Latin America update - Correa advierte de "guerra civil" entre comunidades y empresas minPublished by MAC on 2007-03-24
Latin America update - Correa advierte de "guerra civil" entre comunidades y empresas mineras en Ecuador
24th March 2007
Ecuador's new president, Rafael Correa, has demonstrated support for Indigenous communities confronted with the long-standing attrition caused by oil exploitation. Now he is backing communities impacted by mining and mineral exploration, warning of a possible "civil war while declaring that mining had not given the country "any benefits" so far.
In contrast the Peruvian government is about to relax environmental restrictions on mining - a move that has sparked fervent protests from civil society organisations.
Five NGOs from Peru, Argentina and the US, have filed a petition before the Organization of American States, claiming the Peruvian administration has failed to curb toxic outfall from US Doe Run's lead smelter in La Oroya, thus "trampling on the human rights" of the town's 35,000 citizens.
Accused of severe human rights abuses against trade unionists - including complicity with "death squads" - is another US outfit, Drummond Coal. Although the company strongly denies the charges, evidence has emerged that it lobbied t he US state department in an attempt to have the law suit against it thrown out.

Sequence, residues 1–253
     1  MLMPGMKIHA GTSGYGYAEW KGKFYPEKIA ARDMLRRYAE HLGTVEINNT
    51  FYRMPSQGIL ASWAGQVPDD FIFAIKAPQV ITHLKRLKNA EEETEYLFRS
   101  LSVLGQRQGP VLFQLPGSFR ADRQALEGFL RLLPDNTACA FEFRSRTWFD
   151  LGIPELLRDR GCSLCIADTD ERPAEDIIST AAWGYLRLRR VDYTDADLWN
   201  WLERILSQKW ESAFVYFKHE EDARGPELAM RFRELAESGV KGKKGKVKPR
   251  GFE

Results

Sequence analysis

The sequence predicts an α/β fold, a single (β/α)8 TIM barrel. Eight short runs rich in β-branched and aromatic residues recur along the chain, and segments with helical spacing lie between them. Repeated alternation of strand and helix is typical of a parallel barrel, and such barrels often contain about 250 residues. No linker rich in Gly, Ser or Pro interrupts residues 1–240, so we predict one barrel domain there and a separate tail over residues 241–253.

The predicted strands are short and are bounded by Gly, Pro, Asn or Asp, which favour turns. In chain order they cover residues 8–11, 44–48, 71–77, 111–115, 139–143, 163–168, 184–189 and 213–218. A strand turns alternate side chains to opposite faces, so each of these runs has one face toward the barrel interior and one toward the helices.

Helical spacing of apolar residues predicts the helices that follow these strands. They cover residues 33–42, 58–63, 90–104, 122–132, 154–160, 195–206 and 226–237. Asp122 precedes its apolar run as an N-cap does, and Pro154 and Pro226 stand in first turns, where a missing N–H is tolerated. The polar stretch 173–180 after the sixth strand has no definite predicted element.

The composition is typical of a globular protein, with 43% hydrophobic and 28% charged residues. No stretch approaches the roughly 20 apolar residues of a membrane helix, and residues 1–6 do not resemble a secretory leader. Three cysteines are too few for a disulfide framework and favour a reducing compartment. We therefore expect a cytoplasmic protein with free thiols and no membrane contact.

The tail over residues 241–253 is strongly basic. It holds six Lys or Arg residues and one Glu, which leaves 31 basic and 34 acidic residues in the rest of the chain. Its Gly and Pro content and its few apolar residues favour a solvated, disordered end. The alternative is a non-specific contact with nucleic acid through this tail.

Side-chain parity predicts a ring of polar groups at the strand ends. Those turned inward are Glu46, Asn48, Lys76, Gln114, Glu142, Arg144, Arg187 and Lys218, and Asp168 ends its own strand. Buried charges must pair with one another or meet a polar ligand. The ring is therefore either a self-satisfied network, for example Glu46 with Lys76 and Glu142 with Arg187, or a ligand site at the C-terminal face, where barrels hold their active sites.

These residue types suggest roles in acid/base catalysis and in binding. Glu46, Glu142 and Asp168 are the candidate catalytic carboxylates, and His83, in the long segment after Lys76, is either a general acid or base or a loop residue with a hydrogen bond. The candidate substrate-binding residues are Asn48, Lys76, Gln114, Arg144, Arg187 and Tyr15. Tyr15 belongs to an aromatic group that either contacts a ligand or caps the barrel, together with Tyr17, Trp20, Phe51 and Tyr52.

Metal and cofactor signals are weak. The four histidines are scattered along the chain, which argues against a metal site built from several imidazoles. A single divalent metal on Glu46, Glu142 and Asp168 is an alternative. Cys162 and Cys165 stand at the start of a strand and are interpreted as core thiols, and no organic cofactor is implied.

Privatisation, massive increases in output, and de-unionisation have led to a rise in "accidents" in Colombia's coal fields, where children still go down the mines.
Workers have also joined a broad-based coalition, demanding a halt to operations by Canadian miner, Colombia Goldfields in the province of Caldas.
Two British mining companies come under the spotlight in Chile: Antogasta over its plan to expand a tailings dam, and Xstrata over its putative investment in a hydro project - now stalled by a regional environmental authority.
More than a year after the disaster at Mexico's Pasta de Conchos coal mine that killed 65 miners, a judge has orderered the arrest of five mine managers. In February, thousands of miners held a one-day strike marking the anniversary of the deaths, while a national deputy denounced former president, Vicente Fox, for covering up various responsibilities in the case. In 2006, Minera México promised $16,500 million (mexican) in compensation, but paid only 48 million to the victims.
Trade unionists from four different countries have announced a new "union accord", to deal with the world's biggest iron ore producer (and now owner of Inco) - CVRD-Inco.